February is a month when love is celebrated.  I’m thinking of all of you who have suffered a loss and are grieving. Valentine’s Day can be especially difficult when someone we love has died. We are grieving because of the love we have for them, the love that still connects us. Grief and love are intertwined.

“Grief is the price we pay for love”. 

— Queen Elizabeth II


We all know love heals, but when someone is taken away from us, it’s like a well of without.  When my husband Jim first died, I was certain I would never love anyone else ever again. Then, love seemed like a broken bow on a violin – and I thought the music would never return. And although it took time, the music eventually came back and I fell in love again. I found there was room in my heart for my grief and my love for Jim alongside a great love for someone else. But it’s important to remember there is no timetable when we are grieving.  You’ll know when you’re ready again.




Earlier I recommended the beautiful book, “When Breath Becomes Air” by Paul Kalanithi, about his terminal lung cancer diagnosis. This book is now a finalist for the Pulitzer Prize! After reading the book, I found this heartwarming love story in the Washington Post about how Paul’s widow Lucy fell in love with John, the surviving spouse of another memoirist, Nina Rigg  (The Bright Hour.” )  Nina’s husband John reached out to Lucy at his dying wife’s suggestion that Lucy would be able to help him with his grief.

Read about how John and Lucy’s relationship evolved here.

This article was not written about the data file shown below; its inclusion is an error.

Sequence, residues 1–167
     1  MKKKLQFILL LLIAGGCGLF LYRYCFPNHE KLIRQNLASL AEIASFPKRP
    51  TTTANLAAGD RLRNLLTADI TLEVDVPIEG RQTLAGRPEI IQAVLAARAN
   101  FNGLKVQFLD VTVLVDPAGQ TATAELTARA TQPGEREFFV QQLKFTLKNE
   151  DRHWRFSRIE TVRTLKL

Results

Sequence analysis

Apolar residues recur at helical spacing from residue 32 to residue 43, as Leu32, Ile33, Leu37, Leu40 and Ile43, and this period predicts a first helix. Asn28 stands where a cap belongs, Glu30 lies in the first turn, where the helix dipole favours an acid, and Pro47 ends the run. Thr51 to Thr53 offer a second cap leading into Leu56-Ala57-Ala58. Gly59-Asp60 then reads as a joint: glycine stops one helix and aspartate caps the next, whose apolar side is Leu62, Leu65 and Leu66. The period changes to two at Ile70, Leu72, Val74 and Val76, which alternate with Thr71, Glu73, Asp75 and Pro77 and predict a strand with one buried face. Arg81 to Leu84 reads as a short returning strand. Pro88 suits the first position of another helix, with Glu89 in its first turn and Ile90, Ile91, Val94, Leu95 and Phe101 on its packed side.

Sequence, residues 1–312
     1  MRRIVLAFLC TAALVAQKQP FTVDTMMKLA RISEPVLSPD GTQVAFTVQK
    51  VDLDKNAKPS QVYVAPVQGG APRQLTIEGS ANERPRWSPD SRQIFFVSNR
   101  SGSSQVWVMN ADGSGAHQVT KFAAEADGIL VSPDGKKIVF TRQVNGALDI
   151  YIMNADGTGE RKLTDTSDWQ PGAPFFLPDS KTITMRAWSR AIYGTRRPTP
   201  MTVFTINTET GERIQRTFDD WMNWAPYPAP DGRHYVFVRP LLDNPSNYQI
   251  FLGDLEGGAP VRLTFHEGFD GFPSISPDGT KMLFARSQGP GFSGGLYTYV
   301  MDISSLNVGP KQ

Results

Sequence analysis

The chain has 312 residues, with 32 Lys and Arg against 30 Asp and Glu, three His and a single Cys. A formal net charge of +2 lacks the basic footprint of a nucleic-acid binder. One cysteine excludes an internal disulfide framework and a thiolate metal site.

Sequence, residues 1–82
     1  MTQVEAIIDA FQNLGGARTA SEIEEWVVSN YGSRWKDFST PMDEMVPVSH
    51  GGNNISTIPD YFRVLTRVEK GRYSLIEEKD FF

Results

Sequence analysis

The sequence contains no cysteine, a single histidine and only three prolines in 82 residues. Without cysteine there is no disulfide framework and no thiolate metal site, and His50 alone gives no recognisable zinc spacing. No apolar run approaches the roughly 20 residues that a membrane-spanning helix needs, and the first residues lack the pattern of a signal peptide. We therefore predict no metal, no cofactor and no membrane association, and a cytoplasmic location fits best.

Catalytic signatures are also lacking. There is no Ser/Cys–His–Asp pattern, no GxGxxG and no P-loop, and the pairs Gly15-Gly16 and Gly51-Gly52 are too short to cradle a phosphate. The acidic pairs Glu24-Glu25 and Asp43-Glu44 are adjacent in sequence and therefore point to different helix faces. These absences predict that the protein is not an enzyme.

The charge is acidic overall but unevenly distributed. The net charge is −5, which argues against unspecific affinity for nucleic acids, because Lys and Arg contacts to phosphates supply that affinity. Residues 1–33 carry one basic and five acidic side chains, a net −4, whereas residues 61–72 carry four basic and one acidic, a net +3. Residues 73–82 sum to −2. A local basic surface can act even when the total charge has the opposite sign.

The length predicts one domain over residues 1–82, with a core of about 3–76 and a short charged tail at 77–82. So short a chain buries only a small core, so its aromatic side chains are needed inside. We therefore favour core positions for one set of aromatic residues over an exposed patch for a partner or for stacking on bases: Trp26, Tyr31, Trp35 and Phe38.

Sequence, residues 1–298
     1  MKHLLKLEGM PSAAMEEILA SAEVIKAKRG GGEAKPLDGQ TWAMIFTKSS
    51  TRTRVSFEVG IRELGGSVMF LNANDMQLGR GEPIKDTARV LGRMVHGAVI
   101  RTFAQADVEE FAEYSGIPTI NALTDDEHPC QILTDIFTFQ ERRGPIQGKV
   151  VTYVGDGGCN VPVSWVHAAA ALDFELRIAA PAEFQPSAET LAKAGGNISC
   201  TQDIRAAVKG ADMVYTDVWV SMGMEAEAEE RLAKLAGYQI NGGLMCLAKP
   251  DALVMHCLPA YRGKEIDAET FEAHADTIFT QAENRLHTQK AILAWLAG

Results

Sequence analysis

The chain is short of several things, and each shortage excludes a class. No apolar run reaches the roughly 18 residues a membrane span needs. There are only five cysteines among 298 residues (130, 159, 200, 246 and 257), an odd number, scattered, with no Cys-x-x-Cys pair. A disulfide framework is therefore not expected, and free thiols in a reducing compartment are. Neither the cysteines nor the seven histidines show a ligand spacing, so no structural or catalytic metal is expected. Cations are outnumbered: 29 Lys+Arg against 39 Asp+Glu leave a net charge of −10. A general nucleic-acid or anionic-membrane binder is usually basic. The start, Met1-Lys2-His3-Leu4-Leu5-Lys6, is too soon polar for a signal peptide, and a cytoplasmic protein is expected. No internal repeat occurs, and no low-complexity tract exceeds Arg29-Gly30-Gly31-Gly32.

About their new relationship, John Duberstein said “I’m surprised by how ridiculous it is and how natural it is at the same time”.

“When they read the words of the two people they loved so profoundly, perhaps their old lives seem woven into their new life, one love spilling into the next, families merging, past and present overlapping”.

— Susanna Schrobsdorff, Time magazine


Two Profound Love Letters

Eva, My Love – Everything Has to End

Author and journalist Stieg Larsson wrote this gorgeous letter for his long-term partner, Eva, who found the letter in his belongings after he passed away from a heart attack at 50-years old in 2004 – “To be opened only after my death.”

He had written the letter prior to a trip to Africa in 1977 when he was just 22. This letter has so much to teach all of us! Read the whole letter here



In the letter, Stieg advises her of the following:

“Pain will fade with time, even if that’s hard to imagine right now. Live in peace, my dearest love; live, love, hate, and keep fighting…”



I am taking a writing course on love with Laura Lentz and it’s been incredibly opening for me! I wanted to offer you two writing exercises if you want to write your own love letter after reading the letters above.

  1. Write a letter to someone you love who is no longer with you, telling them everything you always wanted to say.
  2. Write a love letter to someone you love who is still alive – a child, a parent or a lover – to be opened only upon your death.

Consider this – why wait?  If you have done exercise two, give the letter to those you love today; let them know how much they mean to you now in honor of Valentine’s Day.



I close my newsletter with this quote on love:

Grief, I’ve learned, is really just about love.

It’s all the love you want to give but cannot.

All of that unspent love gathers up in the corners of your eyes,

The lump in your throat and the follow part in your chest.

Grief is just love with no place to go.

-Jamie Anderson


Love to you, and Happy Valentine’s Day!



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